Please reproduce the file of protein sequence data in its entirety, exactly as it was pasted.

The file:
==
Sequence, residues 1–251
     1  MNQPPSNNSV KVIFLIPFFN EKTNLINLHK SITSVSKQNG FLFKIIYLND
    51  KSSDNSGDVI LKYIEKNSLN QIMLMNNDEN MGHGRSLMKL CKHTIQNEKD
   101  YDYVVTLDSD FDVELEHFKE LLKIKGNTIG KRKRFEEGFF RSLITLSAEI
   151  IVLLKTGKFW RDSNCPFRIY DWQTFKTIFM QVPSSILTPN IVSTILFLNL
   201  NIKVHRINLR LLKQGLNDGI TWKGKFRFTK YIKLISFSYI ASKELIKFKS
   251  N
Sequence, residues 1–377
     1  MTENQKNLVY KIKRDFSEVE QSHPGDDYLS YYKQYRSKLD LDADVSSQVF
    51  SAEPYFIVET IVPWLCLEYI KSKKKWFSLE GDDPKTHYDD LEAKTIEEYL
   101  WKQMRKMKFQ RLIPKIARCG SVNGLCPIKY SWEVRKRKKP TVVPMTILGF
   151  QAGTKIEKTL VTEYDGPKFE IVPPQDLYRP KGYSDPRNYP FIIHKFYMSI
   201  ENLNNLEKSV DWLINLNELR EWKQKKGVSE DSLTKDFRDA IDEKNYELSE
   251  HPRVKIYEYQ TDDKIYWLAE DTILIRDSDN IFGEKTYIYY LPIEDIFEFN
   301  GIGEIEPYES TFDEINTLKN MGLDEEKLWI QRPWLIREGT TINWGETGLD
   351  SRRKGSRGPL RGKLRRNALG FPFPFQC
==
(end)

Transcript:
Sequence, residues 1–251
     1  MNQPPSNNSV KVIFLIPFFN EKTNLINLHK SITSVSKQNG FLFKIIYLND
    51  KSSDNSGDVI LKYIEKNSLN QIMLMNNDEN MGHGRSLMKL CKHTIQNEKD
   101  YDYVVTLDSD FDVELEHFKE LLKIKGNTIG KRKRFEEGFF RSLITLSAEI
   151  IVLLKTGKFW RDSNCPFRIY DWQTFKTIFM QVPSSILTPN IVSTILFLNL
   201  NIKVHRINLR LLKQGLNDGI TWKGKFRFTK YIKLISFSYI ASKELIKFKS
   251  N
Sequence, residues 1–377
     1  MTENQKNLVY KIKRDFSEVE QSHPGDDYLS YYKQYRSKLD LDADVSSQVF
    51  SAEPYFIVET IVPWLCLEYI KSKKKWFSLE GDDPKTHYDD LEAKTIEEYL
   101  WKQMRKMKFQ RLIPKIARCG SVNGLCPIKY SWEVRKRKKP TVVPMTILGF
   151  QAGTKIEKTL VTEYDGPKFE IVPPQDLYRP KGYSDPRNYP FIIHKFYMSI
   201  ENLNNLEKSV DWLINLNELR EWKQKKGVSE DSLTKDFRDA IDEKNYELSE
   251  HPRVKIYEYQ TDDKIYWLAE DTILIRDSDN IFGEKTYIYY LPIEDIFEFN
   301  GIGEIEPYES TFDEINTLKN MGLDEEKLWI QRPWLIREGT TINWGETGLD
   351  SRRKGSRGPL RGKLRRNALG FPFPFQC